Qualcomm demonstrates 24-core ARM server SoC

Apr 22, 2012
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#1
https://www.qualcomm.com/news/relea...significant-advancements-its-server-ecosystem

The battle has begun. If Qualcomm cant do it for ARM, nobody can.

Targeted at hyperscale data center customers, Qualcomm Technologies’ server SoC technology is designed to tackle some of the most common data center workloads, including Infrastructure as-a Service (IaaS), Platform as-a Service (PaaS), big data and machine learning. In development for more than two years, the SDP includes a custom server-class 24-core SoC built using advanced FinFet technology. It integrates all of the standard server-class features including PCIe and storage. The first in a roadmap of production single-chip server SoCs will include a fully custom core built on FinFet technology and will be one of the most advanced server-class SoCs on the market.

The SDP was tested today running the entire software stack: Linux kernel version 4.2 along with KVM virtualization, OpenStack DevStack for OpenStack cloud orchestration, guest virtual machines running a standard Linux distribution along with Apache web server and WordPress.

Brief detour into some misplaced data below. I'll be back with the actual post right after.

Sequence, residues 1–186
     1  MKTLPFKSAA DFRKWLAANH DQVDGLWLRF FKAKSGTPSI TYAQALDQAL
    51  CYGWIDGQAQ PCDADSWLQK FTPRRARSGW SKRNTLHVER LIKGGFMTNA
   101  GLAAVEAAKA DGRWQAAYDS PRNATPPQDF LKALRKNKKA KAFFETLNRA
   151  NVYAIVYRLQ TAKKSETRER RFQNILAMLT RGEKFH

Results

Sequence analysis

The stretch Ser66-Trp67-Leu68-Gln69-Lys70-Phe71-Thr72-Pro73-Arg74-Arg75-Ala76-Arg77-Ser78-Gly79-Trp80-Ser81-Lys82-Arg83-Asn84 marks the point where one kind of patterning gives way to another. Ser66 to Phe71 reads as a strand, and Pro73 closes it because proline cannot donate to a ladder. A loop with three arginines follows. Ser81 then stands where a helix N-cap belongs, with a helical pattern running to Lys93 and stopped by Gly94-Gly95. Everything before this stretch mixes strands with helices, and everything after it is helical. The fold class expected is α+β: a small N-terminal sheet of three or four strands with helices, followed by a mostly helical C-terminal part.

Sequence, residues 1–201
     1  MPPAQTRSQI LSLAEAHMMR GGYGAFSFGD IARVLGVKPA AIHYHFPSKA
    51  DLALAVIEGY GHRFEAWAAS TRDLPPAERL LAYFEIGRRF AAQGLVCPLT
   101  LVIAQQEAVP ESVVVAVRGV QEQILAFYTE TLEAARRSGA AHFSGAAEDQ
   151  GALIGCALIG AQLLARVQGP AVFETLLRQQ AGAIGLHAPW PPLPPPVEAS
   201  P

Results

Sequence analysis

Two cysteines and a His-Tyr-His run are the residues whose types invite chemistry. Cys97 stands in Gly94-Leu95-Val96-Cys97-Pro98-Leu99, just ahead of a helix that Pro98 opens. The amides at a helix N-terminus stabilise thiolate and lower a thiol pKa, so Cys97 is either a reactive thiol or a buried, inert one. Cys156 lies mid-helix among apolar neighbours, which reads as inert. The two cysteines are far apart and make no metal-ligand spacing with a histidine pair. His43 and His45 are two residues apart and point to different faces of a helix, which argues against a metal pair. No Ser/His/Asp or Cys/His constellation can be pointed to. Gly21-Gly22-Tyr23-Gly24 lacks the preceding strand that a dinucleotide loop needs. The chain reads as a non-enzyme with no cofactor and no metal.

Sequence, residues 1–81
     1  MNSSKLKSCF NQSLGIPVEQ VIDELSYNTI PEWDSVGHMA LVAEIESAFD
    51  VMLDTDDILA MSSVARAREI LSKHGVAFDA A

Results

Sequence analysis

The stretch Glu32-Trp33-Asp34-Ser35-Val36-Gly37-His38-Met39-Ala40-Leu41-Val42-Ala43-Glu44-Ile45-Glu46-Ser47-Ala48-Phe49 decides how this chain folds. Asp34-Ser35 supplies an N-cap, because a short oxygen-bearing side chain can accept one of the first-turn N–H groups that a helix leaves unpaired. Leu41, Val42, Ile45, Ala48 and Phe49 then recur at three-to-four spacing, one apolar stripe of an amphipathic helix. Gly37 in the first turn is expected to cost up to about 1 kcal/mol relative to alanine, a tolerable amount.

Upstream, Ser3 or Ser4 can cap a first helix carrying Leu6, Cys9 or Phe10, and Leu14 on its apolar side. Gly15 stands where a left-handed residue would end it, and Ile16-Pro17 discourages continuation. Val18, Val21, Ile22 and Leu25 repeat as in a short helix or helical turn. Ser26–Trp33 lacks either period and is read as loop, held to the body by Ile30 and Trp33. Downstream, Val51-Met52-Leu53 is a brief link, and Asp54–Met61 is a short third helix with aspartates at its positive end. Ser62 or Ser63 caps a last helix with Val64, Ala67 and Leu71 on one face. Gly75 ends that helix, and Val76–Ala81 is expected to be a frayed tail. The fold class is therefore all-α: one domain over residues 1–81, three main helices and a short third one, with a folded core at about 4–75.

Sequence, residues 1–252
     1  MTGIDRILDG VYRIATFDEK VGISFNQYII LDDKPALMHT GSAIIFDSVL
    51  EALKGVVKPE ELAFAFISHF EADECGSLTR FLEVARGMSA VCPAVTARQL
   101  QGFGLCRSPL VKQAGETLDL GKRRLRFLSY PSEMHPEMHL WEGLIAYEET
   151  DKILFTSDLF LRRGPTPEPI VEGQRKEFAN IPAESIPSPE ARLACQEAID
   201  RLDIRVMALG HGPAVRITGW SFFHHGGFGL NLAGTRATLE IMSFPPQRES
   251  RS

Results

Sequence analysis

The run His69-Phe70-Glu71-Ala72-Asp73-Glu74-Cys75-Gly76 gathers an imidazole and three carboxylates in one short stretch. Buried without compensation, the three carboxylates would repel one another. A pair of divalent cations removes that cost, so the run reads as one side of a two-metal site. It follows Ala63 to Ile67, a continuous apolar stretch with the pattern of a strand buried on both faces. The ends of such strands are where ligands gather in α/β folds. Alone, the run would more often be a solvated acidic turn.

The left alone Xilinx also found a new friend in Qualcomm.
https://www.qualcomm.com/news/relea...borate-deliver-industry-leading-heterogeneous

Qualcomm Incorporated (NASDAQ: QCOM) through its subsidiary, Qualcomm Technologies, Inc., and Xilinx, Inc. (NASDAQ: XLNX), today announced a strategic technical collaboration to deliver industry-leading heterogeneous computing solutions with new levels of efficiency and performance through FPGA-enabled dynamic workload acceleration on Qualcomm Technologies’ server platforms. The strategic collaboration is designed to span multiple product generations, ranging from card level to highly-integrated solutions. Target applications include compute acceleration, big data analytics, machine learning, storage and CloudRAN.